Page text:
Earlier this week, there was lots of rumors about Governor Arnold Schwarzenegger’s State of the State. There was considerable buzz that the Governor would mention new efforts around health care, beyond the continued focus on the ongoing budget saga. It was unclear whether the Governor would seek to offer health proposals that seek to build bridges with the Democrats in the legislature, or more of the health cuts and vetoes that we have seen in the past year.
But the Governor today said he wasn’t going to give a standard State of the State, while the budget and cash crunch loomed. He suggested he had big plans and proposed legislation, ready on his desk, on many issues, including health care… but that they will wait until after the budget deal. So no new news today on health policy.
On the budget, the Governor appropriately described the magnitude of the crisis and asked everybody to give, but he didn’t recognize how much some have given while others have not.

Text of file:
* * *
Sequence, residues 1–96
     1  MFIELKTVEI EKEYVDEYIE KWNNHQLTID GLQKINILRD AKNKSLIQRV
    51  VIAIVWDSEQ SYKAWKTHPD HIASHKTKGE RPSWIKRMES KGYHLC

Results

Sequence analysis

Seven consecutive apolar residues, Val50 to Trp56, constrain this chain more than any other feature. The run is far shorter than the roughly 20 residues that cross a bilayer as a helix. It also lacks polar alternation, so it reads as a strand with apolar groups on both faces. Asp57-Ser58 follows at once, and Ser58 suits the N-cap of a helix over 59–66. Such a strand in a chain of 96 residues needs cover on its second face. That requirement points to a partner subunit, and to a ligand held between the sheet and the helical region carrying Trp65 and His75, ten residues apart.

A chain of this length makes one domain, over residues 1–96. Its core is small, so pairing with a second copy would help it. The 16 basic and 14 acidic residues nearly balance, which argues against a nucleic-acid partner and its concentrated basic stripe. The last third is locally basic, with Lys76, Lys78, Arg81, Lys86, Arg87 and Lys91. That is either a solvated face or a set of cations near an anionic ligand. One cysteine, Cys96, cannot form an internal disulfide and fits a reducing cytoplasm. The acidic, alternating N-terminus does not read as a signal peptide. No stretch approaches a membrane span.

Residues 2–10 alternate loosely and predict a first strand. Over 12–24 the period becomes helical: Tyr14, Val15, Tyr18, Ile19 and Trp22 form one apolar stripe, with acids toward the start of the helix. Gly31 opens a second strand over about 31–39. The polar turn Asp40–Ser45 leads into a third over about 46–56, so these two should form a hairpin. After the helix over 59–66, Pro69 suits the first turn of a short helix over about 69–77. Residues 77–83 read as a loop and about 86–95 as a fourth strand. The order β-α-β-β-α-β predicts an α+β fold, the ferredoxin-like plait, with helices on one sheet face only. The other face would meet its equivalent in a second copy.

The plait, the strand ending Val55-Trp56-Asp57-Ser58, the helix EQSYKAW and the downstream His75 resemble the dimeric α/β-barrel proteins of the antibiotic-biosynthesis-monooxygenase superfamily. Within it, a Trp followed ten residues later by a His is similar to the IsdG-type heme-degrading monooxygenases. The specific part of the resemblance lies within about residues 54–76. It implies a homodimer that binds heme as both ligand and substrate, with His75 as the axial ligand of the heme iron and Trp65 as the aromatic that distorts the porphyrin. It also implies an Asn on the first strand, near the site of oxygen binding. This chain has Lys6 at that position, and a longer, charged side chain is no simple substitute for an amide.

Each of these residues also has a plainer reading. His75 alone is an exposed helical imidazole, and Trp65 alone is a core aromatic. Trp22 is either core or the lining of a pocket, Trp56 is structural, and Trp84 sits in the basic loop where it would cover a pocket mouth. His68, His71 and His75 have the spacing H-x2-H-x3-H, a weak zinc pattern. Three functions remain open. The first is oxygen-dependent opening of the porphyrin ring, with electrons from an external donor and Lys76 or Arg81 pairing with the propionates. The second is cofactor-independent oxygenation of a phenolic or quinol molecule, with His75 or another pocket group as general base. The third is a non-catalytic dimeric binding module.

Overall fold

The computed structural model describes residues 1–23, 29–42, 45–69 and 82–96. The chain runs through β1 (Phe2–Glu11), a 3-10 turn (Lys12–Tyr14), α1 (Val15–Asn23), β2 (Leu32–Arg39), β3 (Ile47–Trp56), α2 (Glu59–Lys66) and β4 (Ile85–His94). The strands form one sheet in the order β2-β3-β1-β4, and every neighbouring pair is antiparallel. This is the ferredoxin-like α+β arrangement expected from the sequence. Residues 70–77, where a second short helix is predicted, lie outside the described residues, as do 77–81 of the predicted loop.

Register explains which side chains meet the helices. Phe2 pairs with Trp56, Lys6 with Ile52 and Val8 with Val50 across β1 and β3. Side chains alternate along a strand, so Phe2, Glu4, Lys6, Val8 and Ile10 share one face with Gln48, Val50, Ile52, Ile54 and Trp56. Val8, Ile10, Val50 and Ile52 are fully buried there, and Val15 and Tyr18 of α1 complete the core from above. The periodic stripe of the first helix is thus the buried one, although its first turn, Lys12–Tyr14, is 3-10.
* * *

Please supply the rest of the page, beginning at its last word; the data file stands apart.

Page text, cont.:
The Governor needed to acknowledge the $16 billion in cuts already made to health, education and other vital services. In health care, cuts have been made to have a quarter-million children lose coverage, and yet we continue to have a Republican blockade on raising any taxes or revenues to prevent even worse cuts.
We need to remember that despite the Governor’s recognition that we need to increase some revenues, his budget proposes to deny coverage to a half-million parents, and to deny specific benefits like dental, optometry, podiatry and psychology to millions more. The cuts the Governor proposes would not only harm the health system we all rely on, but also hinder efforts to stimulate our state’s economy. California would lose hundreds of millions of dollars in federal matching funds, doubling–and in some cases tripling–the negative impact of these cuts not just in the health system, but the economy as a whole.
The speech seemed to reflect that a budget deal may be near–enough so that any other speech might risk blowing up negotiations. We hope any budget deal considers both the health and economic impacts of these cuts, and raises the taxes and revenues to prevent those cuts, and make sure we can meet the increased needs in California.